The other gardening chore for early spring is pruning. Trees don’t have many ways of communication, but they “know” that sharp loppers shearing off branches early in the year means that it’s time to send out buds and shoots. Roses too, lie dormant in the winter and need the snip-snip of a gardener to wake them up. “Wake up,” I tell them, as I trim off last year’s growth. Inside the house, I peer out the window at the bare canes and think of the months of fragrant blooms lying under that frost-touched bark. When the weather warms, they’ll send out furled leaves, reddish then green, and buds will soon follow. As an inexperienced gardener, I didn’t trim the roses. It felt wrong, cruel somehow to cut back a perfectly healthy plant. The roses still bloomed, still grew, but the leaves didn’t get as large, and the flowers weren’t as numerous. I’ve learned my lesson now. My shears are sharp and ready.

Sometimes nature takes its course without our help, and sometimes it needs our assistance. Friendships are like that too. When I was at the store, I purchased a handful of postcards. Who buys these things, except tourists? Who sends postcards, except people who want to brag about how far they’ve gone on vacation? Well, I do. I got out my old address book and started writing down names of friends I hadn’t talked to in a while. It seems so hard to call people out of the blue. I’m always afraid of what they’ll think. She’ll think I need to borrow money, he’ll think I just broke up and am trying to flirt, my cousin will think I want a favor. So I write instead. No one, it seems, minds a postcard.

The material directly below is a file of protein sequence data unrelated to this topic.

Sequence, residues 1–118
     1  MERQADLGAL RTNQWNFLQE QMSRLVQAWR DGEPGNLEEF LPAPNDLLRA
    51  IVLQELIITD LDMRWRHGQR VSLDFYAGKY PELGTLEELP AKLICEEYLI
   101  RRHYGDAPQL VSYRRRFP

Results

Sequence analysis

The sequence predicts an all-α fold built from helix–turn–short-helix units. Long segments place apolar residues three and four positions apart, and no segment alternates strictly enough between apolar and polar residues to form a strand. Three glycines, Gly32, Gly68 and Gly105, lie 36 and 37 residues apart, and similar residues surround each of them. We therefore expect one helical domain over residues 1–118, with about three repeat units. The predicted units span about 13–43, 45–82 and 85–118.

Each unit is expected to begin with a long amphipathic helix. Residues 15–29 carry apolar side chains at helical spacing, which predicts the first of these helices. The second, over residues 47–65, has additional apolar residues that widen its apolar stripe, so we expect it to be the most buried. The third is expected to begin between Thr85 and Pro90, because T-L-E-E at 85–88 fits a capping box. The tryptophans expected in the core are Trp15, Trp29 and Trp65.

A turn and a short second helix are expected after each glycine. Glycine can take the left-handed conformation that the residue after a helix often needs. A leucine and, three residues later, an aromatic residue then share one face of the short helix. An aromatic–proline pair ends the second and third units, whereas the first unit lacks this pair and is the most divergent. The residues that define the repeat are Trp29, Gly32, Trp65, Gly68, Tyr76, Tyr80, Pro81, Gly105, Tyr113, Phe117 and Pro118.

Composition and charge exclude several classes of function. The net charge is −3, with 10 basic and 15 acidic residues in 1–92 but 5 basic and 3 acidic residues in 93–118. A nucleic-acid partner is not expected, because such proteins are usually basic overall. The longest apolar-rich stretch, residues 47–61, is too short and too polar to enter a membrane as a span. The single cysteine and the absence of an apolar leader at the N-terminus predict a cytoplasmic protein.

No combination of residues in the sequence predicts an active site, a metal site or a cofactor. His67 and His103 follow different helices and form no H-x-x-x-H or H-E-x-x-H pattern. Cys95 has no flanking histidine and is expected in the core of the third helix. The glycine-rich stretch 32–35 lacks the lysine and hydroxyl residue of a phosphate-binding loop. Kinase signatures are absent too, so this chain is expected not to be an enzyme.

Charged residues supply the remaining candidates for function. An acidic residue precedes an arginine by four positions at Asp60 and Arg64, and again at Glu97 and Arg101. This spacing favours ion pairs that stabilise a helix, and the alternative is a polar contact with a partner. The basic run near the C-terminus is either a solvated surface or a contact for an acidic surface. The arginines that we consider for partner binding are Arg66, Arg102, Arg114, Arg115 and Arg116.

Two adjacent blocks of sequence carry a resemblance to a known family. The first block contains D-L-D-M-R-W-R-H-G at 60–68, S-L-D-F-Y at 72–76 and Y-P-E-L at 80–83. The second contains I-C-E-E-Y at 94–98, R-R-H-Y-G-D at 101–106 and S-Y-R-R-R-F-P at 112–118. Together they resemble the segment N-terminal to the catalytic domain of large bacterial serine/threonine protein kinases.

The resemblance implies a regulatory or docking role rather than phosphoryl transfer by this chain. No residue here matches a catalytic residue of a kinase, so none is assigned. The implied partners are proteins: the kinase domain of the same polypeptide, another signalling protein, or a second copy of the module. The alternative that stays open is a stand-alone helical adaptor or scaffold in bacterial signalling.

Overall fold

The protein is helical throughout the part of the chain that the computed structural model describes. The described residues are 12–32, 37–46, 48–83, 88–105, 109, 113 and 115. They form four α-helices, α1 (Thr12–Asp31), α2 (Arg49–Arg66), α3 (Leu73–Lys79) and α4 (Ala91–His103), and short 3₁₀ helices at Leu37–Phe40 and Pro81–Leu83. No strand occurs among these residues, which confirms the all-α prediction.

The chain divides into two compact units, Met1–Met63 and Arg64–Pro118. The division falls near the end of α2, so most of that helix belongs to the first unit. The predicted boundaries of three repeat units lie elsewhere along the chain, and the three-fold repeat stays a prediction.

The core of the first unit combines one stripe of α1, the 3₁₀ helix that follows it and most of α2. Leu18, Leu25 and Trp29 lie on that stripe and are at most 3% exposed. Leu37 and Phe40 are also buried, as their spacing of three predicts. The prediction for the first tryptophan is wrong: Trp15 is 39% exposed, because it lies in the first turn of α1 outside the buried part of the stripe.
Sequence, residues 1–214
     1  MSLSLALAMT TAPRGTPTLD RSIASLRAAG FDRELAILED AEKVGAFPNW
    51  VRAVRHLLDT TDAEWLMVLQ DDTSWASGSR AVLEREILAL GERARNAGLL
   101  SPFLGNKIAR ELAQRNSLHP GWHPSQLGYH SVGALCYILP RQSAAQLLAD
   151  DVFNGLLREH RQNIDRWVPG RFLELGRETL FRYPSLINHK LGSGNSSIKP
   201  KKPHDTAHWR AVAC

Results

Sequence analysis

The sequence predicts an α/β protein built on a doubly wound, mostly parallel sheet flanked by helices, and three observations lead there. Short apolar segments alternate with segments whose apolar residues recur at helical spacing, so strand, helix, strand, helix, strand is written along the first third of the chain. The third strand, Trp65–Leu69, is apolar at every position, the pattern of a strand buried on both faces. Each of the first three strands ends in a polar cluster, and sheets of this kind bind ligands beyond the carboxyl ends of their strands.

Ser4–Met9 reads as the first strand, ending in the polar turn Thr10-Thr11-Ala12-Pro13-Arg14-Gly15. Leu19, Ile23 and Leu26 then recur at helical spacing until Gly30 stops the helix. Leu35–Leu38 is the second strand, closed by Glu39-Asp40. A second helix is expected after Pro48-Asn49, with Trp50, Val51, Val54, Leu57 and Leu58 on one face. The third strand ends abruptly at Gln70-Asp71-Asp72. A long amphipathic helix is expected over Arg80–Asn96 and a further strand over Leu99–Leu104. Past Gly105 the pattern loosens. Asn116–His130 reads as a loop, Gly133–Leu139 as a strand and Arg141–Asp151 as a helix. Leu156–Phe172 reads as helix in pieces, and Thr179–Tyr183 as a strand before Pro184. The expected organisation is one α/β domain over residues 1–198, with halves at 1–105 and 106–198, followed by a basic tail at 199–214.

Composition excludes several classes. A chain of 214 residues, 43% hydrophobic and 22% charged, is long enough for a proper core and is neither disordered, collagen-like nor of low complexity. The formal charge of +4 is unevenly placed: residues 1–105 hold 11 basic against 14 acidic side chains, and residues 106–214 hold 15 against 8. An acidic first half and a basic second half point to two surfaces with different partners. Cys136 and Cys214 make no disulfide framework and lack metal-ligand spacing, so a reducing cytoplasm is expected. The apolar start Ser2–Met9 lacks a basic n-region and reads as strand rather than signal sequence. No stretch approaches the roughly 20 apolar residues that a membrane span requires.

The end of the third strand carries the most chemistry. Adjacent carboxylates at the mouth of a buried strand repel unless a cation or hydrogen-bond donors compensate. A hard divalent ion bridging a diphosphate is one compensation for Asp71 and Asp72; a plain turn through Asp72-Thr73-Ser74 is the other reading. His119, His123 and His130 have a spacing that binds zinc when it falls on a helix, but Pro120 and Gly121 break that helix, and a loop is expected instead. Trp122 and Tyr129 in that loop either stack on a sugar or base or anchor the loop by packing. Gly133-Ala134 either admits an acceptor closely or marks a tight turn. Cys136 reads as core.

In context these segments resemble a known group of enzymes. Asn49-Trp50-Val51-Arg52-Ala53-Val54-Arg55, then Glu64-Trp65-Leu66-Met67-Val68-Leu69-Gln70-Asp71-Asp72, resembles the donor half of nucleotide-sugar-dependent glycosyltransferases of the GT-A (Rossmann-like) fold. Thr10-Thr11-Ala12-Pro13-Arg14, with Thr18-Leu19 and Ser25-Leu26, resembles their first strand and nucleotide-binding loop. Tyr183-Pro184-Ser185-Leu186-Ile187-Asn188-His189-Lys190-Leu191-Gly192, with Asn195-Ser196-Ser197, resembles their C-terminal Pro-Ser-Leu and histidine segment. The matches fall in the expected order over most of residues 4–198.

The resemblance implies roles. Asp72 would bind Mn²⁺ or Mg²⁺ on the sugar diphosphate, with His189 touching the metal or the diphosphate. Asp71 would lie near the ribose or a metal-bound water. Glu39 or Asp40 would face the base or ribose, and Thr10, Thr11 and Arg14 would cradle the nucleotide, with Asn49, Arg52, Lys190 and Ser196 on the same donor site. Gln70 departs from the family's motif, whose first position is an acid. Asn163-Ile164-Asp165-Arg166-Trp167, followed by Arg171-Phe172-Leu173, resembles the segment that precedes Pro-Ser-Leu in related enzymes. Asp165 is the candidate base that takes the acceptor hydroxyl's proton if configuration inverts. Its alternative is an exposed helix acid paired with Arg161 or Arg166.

I’ve learned that I don’t have to write much. “Thinking of you,” seems to cover it. Or maybe, “I saw this postcard with a beagle on it, and remembered your old dog Spot. How are you and Spot doing?” People don’t often write back. Sometimes you have to send them four or five cards before they write you, sometimes they don’t write back at all. Sometimes they’ve moved, and don’t get the postcard. And sometimes, sometimes they’ve missed you too, and wondered why you’ve drifted apart. Sometimes they get out their address book, and pick up the phone, and call to ask you out to coffee. A rectangle of cardstock and a twenty-three cent stamp, and you automatically get a week of hope that you’re about to rekindle an old friendship. And even if that old co-worker doesn’t remember you, or if he’s moved and the postcard arrives at the house of a stranger, you’ve probably brightened someone’s day. That’s worth fifty cents.